4 minutes reading time (739 words)

The hike 2.0

This has been a very rough start to the year for my hitching adventures. The plan was to go to places around New Zealand teaching and learning Martial arts as I go but this new found freedom ran into a few problems along the way. Timing, no one wanting to appear on camera, troubles with my laptop and mobile internet. However like most problems I have in my life all it takes is a little bit of training to relax the mind and find the solution.

With that I present to you the new hitch hiking tour of the country. Before I begin I think a little background is in order.

Some samurai warriors in the 17th century would take long journeys around the country finding other warriors to train with; they would give lessons in exchange for shelter and food. These penniless vagabonds were called Ronin, Master less Samurai. Some of their warrior pilgrimages could last for years as they adapted the techniques they had learnt from others to improve their own personal practise.

Flash forward to twenty or so years ago. After the death of Ron Russell a teacher of kyu shin do aikido, Chris Nicholson left that system and along with Dwane Morgan a practitioner of karate and dabbler of numerous other styles, created Ronin Martial arts. Combining their experiences with many styles they focused on developing a system of practical self defence and uncovering the principles behind combative movement. Dwane later renamed the system Ai shin do Bujutsu (harmony of Martial truths) and continues to teach in Auckland.

My name is Jory and I am a 5th dan black belt in Ai shin do Bujutsu and have spent the last 5 years teaching self defence to community groups around New Zealand. I have taken our origins a little too seriously. This is my hike, my goal is to find experts and incorporate their knowledge with my own to improve my own personal practise. I will spend one month, somewhere in New Zealand, training in one style, after that month I will show you what I have learnt and where the conditioning and techniques of that style can be applied to the different aspects of self defence.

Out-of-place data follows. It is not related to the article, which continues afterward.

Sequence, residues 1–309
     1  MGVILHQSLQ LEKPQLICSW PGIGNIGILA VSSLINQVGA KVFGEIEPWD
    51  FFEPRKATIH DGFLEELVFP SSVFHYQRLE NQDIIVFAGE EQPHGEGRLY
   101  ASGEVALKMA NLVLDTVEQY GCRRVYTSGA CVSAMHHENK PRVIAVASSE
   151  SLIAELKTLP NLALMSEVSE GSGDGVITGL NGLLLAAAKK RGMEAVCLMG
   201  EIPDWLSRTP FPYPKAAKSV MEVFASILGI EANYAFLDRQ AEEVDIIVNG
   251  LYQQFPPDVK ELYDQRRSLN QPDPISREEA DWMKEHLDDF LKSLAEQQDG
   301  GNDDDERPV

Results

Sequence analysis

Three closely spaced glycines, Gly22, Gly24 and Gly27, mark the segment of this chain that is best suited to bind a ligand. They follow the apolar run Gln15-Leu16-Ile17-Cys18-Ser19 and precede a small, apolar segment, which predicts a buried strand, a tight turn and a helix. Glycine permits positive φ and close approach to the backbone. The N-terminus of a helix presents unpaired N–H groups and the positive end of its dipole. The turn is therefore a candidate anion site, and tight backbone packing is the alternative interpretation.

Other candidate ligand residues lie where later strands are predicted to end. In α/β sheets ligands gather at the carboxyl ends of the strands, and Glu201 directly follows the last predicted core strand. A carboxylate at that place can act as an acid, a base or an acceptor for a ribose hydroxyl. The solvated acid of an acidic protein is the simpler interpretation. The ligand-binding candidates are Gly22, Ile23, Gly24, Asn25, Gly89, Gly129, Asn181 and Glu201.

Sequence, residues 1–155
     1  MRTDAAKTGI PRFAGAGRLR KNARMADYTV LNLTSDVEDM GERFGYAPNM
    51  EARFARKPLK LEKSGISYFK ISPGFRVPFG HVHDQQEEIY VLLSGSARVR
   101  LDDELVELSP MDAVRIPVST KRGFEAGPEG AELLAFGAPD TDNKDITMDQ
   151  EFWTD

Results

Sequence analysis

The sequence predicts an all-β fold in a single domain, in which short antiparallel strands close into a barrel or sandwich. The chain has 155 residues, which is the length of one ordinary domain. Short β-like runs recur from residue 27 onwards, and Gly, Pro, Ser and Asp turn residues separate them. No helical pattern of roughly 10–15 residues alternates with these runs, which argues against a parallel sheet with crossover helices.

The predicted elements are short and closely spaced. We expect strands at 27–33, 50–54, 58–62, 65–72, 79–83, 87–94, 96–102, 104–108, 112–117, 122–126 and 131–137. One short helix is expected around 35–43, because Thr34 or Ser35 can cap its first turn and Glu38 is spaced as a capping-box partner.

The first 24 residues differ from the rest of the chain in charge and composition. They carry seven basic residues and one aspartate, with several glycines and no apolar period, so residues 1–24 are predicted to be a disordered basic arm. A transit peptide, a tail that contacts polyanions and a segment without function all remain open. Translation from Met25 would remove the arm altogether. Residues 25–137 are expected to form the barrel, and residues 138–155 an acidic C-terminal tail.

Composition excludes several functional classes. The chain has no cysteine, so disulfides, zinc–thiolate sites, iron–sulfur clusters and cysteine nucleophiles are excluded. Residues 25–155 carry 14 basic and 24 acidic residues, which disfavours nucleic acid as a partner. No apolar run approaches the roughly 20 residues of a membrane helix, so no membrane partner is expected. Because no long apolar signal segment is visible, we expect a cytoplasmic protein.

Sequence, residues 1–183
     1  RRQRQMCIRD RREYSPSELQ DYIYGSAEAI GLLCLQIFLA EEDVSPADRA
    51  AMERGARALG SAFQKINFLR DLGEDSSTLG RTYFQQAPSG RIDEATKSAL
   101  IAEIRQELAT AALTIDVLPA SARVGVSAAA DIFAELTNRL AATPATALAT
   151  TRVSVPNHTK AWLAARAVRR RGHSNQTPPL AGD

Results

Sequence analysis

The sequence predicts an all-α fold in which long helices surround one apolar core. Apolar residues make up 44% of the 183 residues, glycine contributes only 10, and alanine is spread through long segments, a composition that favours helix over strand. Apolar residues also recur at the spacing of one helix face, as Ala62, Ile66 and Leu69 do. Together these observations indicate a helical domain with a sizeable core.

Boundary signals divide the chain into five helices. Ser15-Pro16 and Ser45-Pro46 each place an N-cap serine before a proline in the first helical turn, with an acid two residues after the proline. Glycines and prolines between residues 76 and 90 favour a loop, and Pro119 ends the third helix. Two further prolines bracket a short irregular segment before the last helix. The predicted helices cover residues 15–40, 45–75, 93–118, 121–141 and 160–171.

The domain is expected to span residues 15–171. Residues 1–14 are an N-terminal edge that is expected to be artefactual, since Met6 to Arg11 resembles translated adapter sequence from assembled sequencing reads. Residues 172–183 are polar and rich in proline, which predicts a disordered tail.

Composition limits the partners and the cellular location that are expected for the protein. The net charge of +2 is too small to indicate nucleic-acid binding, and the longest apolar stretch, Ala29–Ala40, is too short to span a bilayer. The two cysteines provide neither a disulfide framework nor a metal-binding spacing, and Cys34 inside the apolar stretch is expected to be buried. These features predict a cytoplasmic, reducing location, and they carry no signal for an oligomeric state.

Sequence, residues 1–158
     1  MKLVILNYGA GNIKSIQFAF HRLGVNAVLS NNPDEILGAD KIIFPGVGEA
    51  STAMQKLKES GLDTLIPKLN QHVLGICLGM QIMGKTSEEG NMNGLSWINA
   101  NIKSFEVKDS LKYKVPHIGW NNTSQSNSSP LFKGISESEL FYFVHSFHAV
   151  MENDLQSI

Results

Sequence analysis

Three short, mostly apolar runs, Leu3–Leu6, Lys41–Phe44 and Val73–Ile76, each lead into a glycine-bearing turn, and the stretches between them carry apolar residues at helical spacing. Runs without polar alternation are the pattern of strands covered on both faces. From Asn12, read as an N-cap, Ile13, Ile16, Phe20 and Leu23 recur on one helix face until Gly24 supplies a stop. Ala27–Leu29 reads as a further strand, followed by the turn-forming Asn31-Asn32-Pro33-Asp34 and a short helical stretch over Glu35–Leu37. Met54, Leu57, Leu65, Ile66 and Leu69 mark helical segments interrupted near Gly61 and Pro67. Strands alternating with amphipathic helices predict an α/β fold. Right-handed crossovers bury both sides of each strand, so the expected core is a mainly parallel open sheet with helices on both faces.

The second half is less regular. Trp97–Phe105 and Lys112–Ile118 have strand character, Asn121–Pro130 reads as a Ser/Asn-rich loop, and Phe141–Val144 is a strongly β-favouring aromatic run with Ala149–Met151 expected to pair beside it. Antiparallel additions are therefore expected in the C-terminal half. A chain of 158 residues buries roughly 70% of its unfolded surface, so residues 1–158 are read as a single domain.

Right now I am in wellington, learning all I can from the New Zealand parkour association. You know what?

It is tough.

This past week has involved a lot more running then I am used to at a pace I don’t really enjoy up steep hills and stairs around wellington city. Something you may not know about me, I hate running (well dislike), not really my thing. My nickname around the club is lazy Jay partly because of my relaxed appearance when I fight. So this week I have committed myself to running four kilometres each day in the hope to keep up with the rest of the class.

We train twice a week, so I use my down time to perfect the techniques we are taught in the two hour session. I am currently practising a movement called the turning vault. It reminds me of the challenges of learning to throw for the first time. It requires a combination of timing and correct movement. Flow and control.

Doing the movement at speed I lose the technique but doing it too slow I miss the timing. This is a very enjoyable challenge and when you get it right it’s a great feeling. The other thing I have noticed is the change in the way I see my environment now. Hand rails and fences are now walkways. And I have never met a group of guys who talk about shoes so much.

So next week I will write about the history of parkour. Any questions about parkour, what I do or wanting some self defence for your group and if you want get involved in parkour don’t hesitate to email me at This email address is being protected from spambots. You need JavaScript enabled to view it.!!

And I have a facebook page called "the hike" that if you like you will see all my links and blogs on there too.



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Wednesday, 29 March 2023

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